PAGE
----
Yoga with Fiona
Supporting natural recovery after childbirth
- an article about postnatal recovery from birth onwards -
Giving birth can be incredibly demanding both physically and emotionally. This is followed by what can be an intense time of little sleep with a combination of confusion and celebration, despair and delight! For those who experience a particularly difficult birth or postnatal health issues, this period of recovery can be even more challenging.
Yoga gives much-needed support at this time, increasing women’s feeling of wellness and their ability to cope with the huge changes they are part of. Yoga helps women to grow stronger, more confident, calmer and better able to nurture their baby.
“Start with the mother, for the wellbeing of the baby depends on the wellbeing of the mother.”
Most traditional societies have a solid support structure for the new mother, with other women coming in to bring food, cook, clean and take care of mother and baby for several weeks if not longer. All the mother needs to do is nurture and feed her baby, and rest her own body and mind.
In modern times we have lost much of this. Women can feel under huge pressure to cope and ‘get back to normal’. I hear this frequently from my students, and I remind them over and over again: it took 9 months to have this baby, and it takes at least 9 months for your body to recover. There is no rush! The body and emotions are very delicate after giving birth and need a great deal of nurture and patience to recover and strengthen. Forcing against this can lead to injury and disappointment.
The journey of pregnancy and birth is one of great expansion and opening. The focus postnatally is on bringing the body back together, and helping to nourish and revive body and mind. Mum and Baby Yoga classes play a key role in supporting this recovery process for women, but I have found that many women need more specific support and much earlier – even in those first days and weeks after the birth. This is where postnatal recovery yoga comes in with its gentle yet powerful approach. This includes specific practices that can help pelvic pain, separated abdominal muscles, back pain, c-section recovery, haemarroids, after pains, feeding discomfort, exhaustion and depression.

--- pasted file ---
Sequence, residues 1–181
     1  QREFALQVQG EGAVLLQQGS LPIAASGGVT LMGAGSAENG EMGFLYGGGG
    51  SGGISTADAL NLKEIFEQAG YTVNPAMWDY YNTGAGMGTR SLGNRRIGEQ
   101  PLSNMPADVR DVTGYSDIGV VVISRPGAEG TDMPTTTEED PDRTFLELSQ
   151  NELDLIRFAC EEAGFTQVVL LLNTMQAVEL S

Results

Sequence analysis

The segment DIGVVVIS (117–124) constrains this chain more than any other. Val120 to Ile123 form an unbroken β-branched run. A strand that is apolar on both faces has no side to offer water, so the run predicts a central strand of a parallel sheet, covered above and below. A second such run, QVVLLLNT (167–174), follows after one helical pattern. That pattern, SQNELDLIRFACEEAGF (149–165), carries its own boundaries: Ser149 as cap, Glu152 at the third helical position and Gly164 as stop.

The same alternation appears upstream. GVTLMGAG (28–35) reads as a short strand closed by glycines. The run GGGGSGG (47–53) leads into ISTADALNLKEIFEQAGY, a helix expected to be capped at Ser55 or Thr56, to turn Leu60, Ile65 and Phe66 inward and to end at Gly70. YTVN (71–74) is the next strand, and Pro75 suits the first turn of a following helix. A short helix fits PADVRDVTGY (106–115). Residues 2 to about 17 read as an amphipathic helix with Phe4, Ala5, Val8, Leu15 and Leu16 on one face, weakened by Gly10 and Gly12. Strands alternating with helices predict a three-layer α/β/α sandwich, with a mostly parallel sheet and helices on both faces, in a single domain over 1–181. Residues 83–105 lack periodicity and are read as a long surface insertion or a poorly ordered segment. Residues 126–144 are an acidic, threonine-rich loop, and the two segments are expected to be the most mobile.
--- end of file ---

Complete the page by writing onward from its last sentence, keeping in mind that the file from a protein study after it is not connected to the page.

What is postnatal recovery yoga?
Françoise Barbira Freedman, founder of Birthlight, has pioneered the field of yoga for early postnatal recovery. A medical anthropologist at the University of Cambridge and yoga teacher of many years, Françoise has drawn on ancient wisdom about what nurtures women’s bodies, minds and emotion in the days, weeks and months after birth. Her practices are now being taught all over the world.
Postnatal recovery sessions involve gentle, small movements using breath and body awareness to nourish and re-energise body and mind. They are done at your home, even from your bed in those early days. Your baby can stay with you throughout (and some soothing baby massage can be included!).
These practices are unique because they can be done as soon as 2 hours after birth (or as soon as the drains have been removed for caesarean births). These are not “get fit after birth” type exercises like those in many popular media – my emphasis is on honouring and nurturing the woman and her body as it is in that moment. Sessions are respectful and empowering, helping women to tune in and listen to what their body really needs.
What are the specific benefits of postnatal recovery yoga?
It helps to:
- release tension, relax, nurture mind and body, and boost energy levels
- regain good posture after pregnancy, re-align and stabilize the pelvis, reduce back ache
- close up the abdomen, help the uterus to contract, heal the uterine wall and release any small clots, reconnect nerve endings after birth, discard residue through the lymph nodes, help internal organs to find their place again, gently regain tone, and support healing of caesarean scar
- regain tone in the pelvic floor to help to prevent stress incontinence and uterine prolapse, and to help heal haemarroids
- release tension in the upper back and shoulders, learn relaxed feeding, and do gentle movements to stimulate the lymph around the breasts and help avoid mastitis
- gradually reclaim your body, tune into your own instincts, and enjoy your baby
For women turning to yoga at this time it can often become a lifelong habit, a steady friend there to support you through all the changes of life, to keep your body healthy, your mind alert, and your emotions in balance. The lessons learnt from yoga are a gift for life.